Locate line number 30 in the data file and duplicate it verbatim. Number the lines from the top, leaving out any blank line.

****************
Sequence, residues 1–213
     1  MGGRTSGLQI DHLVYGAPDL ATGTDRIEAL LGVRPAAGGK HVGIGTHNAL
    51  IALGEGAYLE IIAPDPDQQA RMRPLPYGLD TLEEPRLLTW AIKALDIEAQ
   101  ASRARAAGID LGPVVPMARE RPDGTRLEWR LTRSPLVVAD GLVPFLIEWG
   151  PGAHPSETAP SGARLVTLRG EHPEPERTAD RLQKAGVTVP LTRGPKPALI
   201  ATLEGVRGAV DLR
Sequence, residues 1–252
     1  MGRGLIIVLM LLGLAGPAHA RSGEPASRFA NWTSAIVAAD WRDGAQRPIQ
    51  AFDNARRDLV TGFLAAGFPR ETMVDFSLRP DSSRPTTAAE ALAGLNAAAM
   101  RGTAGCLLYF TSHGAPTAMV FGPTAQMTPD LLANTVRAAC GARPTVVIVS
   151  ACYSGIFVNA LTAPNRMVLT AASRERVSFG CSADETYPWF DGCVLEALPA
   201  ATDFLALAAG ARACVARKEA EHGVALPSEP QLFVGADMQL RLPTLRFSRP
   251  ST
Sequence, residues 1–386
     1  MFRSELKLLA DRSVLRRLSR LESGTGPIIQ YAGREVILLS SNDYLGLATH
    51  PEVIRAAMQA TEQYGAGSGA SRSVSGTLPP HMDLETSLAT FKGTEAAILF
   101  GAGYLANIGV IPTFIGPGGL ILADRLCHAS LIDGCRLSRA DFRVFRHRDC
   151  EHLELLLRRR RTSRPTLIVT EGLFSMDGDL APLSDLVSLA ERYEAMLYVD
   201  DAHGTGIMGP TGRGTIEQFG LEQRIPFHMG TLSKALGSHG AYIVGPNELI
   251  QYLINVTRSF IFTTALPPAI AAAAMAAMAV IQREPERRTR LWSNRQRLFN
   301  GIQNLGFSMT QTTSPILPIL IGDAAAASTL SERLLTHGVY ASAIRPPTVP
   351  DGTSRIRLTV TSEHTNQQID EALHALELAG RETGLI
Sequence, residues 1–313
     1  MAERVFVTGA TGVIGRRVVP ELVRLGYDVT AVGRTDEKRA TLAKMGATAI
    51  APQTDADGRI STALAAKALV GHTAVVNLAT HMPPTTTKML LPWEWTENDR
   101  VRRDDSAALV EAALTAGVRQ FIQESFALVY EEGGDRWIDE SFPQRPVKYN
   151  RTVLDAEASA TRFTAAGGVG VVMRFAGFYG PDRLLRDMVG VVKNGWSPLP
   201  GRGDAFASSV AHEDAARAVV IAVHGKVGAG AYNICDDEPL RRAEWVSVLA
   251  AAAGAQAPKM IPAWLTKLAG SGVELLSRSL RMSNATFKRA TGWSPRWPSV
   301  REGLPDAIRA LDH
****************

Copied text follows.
   301  REGLPDAIRA LDH